The code

I call the program


  ping -c 1 -W 1 $1 > /dev/null
# arp -an output looks like: ? ( at 01:c0:ed:78:b3:dc [ether] on eth0
# or if not present, like ? ( at <incomplete> on eth0
  arp -an|grep -iv incomplete|grep -qi $1\)
  [ $? -eq 0 ] && echo Node with IP: $i is up.

if [[ ! -n $1 ]];
  echo "No subnet passed. Pass three octects like 10.29.129"
for i in ${subnet}.{1..254}
is_alive_ping $i
sleep 1

Apologies for the lousy programming. But it gets the job done.

./ 10.29.129
Node with IP: is up.
Node with IP: is up.
Node with IP: is up.
Node with IP: is up.
Node with IP: is up.
Node with IP: is up.
Node with IP: is up.

As a network security engineer you may be asked if it’s safe to use a paricular IP on one of your subnets where you have your equipment plus equipment frmo other groups. I provide a ping sweep script which reports which IPs are taken, not relying on an ICMP REPLY, but just on the ARP table entry which gets created if a device is on the network.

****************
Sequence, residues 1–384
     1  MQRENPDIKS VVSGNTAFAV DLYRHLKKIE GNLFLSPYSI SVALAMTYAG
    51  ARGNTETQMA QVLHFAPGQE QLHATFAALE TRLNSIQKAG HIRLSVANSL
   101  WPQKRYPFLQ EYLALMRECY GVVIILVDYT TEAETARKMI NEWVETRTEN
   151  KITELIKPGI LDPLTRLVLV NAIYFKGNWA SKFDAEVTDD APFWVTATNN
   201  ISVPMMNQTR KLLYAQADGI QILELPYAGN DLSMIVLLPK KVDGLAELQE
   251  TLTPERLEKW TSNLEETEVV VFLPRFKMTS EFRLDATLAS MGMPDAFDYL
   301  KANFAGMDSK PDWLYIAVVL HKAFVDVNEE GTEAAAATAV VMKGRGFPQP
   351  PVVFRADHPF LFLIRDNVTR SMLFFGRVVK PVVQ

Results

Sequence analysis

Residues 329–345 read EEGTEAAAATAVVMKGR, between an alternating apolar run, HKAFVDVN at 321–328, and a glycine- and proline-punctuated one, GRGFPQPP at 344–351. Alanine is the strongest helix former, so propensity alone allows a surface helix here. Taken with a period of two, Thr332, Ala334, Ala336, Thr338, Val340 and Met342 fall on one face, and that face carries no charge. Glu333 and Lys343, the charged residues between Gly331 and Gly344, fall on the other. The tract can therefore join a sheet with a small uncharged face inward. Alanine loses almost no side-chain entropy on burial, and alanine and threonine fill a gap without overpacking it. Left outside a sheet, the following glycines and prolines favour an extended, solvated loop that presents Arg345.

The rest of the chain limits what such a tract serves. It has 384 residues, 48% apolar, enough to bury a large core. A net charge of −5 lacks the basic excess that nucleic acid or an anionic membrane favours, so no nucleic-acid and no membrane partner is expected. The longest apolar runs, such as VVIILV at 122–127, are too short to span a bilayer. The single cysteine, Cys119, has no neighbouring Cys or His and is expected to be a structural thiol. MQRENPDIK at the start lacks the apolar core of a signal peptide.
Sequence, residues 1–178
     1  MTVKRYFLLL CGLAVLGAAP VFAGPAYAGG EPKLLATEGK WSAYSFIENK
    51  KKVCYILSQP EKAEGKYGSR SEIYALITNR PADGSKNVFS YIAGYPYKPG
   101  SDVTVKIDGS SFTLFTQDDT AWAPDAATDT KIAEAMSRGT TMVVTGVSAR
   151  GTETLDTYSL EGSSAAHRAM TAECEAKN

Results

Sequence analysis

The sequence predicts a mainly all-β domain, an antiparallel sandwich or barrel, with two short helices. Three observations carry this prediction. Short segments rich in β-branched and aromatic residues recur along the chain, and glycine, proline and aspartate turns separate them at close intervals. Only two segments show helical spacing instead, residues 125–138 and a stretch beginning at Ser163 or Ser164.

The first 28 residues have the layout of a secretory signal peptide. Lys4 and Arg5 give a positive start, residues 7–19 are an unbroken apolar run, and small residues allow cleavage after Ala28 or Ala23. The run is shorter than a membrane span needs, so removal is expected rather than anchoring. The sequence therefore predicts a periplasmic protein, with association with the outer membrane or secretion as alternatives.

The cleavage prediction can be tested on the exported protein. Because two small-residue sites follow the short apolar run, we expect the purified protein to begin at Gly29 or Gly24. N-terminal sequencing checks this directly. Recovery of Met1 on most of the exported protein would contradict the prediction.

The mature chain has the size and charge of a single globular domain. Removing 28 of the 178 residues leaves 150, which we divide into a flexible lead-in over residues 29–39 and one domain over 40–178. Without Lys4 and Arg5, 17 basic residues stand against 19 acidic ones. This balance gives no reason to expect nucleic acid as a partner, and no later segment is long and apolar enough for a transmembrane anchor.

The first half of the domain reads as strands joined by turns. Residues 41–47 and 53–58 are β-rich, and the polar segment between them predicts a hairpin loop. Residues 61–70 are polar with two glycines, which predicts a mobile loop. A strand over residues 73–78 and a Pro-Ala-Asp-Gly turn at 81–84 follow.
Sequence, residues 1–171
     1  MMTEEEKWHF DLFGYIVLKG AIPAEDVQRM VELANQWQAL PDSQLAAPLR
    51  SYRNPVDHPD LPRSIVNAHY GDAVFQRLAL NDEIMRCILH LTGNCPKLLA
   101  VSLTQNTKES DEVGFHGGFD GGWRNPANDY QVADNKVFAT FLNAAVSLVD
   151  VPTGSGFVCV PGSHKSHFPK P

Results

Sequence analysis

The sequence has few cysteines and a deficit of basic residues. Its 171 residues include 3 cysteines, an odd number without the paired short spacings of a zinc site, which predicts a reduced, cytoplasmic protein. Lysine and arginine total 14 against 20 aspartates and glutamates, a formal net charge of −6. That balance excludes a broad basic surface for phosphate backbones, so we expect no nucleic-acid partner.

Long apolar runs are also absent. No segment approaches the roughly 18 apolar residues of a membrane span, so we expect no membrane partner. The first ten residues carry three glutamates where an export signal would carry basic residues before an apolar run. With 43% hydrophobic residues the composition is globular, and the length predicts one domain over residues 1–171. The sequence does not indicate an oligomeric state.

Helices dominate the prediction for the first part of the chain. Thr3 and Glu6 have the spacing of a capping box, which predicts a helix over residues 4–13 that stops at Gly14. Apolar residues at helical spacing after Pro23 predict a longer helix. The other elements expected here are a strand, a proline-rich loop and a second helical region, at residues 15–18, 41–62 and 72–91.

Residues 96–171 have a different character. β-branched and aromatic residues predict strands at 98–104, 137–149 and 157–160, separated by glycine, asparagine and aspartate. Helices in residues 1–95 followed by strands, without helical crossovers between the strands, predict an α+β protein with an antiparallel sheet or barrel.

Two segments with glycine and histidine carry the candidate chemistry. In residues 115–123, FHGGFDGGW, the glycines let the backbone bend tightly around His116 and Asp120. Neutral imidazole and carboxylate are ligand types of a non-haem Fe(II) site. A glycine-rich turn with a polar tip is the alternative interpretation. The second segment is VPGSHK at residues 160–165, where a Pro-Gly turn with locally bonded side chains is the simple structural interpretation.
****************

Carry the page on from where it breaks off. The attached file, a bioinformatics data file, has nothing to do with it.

References and related

None so far!

Consumer Interest

Consumer tech: fixing my Acurite electronic rain rauge


Acurite seems to have a corner on the consumer low-end weather metrics market. I.e., rain gauges and similar. In the past I’ve bought multiple cheap plastic rain gauges of the Acurite brand. They are quite nice, and cheap. But exposed to freezing water they will develop leaks. And the plastic yellows after a year.

My wife gave me an electronic Acurite rain. The setup was simple and it was working fine. Then one rainy day I noticed there was nothing recorded. Why?

The details

Of course an obvious go-to is the batteries. But I have a battery tester and in this case they tested fine. So I took out the measuring unit and put it next to the recording unit. Still nothing. I took all batteries out. As the recording unit (the inside part of the gauge) was coming up, I noticed that it showed a signal strength going from zero to four bars, over-and-over, which to me indicated it was looking for and not finding a signal from the measuring (outdoor) unit.

What this said to me is the following: the problem was focused on the measuring unit. Likely it wasn’t on for whatever reason.

At this point you could rightly object to point out that maybe the two units simply were on different wavelengths. But I had already taken care of that. I made sure they were both on A. so I feel I had adequately ruled that out.